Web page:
if it becomes a best-seller, the manual of a device works if it enables the average

    user to effectively operate the device, a scientific paper works if it is published in

    a prestigious journal. Computer programs written for different purposes may or

    may not work in different ways. Only for very simple programs written to solve

    very simple tasks we can say that the program works if it functions correctly. For

    even moderately complex programs a more sensible definition could be: the program

    works if its developers and maintainers are able to approach the expected behavior

    of the program over its intended lifespan.

    In some cases correctness and maintainability over a long period of time are

    not important. For instance, in rapid prototyping of applications (something for

    which Prolog has its advantages) we might say that the program (prototype) works

    if (despite its errors and limitations) it demonstrates that the approach is feasible.

    Still, the prototype will be incomplete until it is finished, and its chances of being

    finished one day (as opposed to collapsing and being abandoned before being of any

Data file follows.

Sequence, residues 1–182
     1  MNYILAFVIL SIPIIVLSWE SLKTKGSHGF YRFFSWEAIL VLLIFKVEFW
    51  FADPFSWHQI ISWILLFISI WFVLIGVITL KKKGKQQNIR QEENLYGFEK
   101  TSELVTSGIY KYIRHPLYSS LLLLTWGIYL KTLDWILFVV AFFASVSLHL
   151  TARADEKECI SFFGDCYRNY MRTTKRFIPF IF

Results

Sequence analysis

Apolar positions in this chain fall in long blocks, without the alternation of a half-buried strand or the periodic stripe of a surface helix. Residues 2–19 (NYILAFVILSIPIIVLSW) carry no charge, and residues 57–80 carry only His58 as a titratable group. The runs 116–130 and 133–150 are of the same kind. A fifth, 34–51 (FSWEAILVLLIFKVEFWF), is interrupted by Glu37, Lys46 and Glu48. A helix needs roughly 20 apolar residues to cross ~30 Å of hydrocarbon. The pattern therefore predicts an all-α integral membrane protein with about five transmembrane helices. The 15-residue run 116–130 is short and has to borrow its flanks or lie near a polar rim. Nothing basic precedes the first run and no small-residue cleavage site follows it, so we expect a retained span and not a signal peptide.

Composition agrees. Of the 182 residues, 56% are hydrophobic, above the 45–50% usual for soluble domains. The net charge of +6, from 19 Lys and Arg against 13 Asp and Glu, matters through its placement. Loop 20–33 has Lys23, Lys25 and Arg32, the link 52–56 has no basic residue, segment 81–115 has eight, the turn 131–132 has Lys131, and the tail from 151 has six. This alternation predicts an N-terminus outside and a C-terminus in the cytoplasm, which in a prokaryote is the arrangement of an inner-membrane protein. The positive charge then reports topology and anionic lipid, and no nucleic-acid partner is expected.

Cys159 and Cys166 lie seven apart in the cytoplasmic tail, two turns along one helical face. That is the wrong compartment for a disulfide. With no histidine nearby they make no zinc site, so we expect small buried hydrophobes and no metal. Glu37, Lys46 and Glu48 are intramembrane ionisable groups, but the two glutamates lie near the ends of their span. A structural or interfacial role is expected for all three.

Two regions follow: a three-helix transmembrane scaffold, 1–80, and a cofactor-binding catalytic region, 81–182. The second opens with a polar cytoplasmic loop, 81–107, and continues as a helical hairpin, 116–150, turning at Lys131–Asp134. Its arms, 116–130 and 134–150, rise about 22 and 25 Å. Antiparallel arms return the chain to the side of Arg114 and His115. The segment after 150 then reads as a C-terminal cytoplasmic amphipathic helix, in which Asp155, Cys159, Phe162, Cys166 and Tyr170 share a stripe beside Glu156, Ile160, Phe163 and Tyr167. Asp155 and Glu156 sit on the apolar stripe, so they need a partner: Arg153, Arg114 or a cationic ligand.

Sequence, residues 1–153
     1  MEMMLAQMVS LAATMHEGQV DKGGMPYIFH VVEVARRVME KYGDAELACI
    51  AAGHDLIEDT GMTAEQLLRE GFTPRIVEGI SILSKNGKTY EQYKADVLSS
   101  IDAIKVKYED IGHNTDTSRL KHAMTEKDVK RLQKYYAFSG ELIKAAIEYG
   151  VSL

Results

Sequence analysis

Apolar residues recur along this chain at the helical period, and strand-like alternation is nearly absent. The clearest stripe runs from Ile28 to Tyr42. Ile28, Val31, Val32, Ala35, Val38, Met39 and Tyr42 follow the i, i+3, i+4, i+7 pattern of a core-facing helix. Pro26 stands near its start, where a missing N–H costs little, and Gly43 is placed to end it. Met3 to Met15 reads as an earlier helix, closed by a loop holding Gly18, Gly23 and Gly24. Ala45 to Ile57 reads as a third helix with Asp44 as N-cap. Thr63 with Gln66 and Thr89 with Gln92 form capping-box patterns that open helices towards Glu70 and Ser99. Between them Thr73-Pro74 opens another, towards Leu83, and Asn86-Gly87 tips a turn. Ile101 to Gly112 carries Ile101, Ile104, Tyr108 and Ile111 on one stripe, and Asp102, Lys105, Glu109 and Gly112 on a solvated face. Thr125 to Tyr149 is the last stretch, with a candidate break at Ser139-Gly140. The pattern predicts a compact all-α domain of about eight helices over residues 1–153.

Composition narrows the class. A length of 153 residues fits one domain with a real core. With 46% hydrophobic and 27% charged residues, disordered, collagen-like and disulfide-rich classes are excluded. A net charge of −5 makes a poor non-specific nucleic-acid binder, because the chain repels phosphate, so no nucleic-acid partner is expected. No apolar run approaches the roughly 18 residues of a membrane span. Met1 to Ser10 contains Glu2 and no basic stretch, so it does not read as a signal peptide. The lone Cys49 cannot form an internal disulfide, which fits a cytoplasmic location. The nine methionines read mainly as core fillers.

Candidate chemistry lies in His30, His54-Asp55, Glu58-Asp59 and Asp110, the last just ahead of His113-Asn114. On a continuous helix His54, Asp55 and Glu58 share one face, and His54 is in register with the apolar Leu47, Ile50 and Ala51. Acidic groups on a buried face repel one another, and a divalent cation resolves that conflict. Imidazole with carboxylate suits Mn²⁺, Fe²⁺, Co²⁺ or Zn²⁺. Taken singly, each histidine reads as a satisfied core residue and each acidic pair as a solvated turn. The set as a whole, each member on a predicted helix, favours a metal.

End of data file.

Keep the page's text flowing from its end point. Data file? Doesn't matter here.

use) depend on qualities such as readability, extensibility, and whatever else helps

    the development team.

    In a sense, the text of a program is not very different from an argumentative es-

    say. Like an argumentative essay, a nontrivial program is addressed to an audience,

    which needs to be accurately identified for the argumentation part of the program

    to be effective. As for any argumentation, different audiences will require and be

    prepared to share a different set of premises (hypotheses and preconditions explic-

    itly mentioned in the program text) and assumptions (hypotheses and knowledge

    that are left implicit but that still are essential for the comprehension of the pro-

    gram). Not to mention that, in programming, the intended audience is also heavily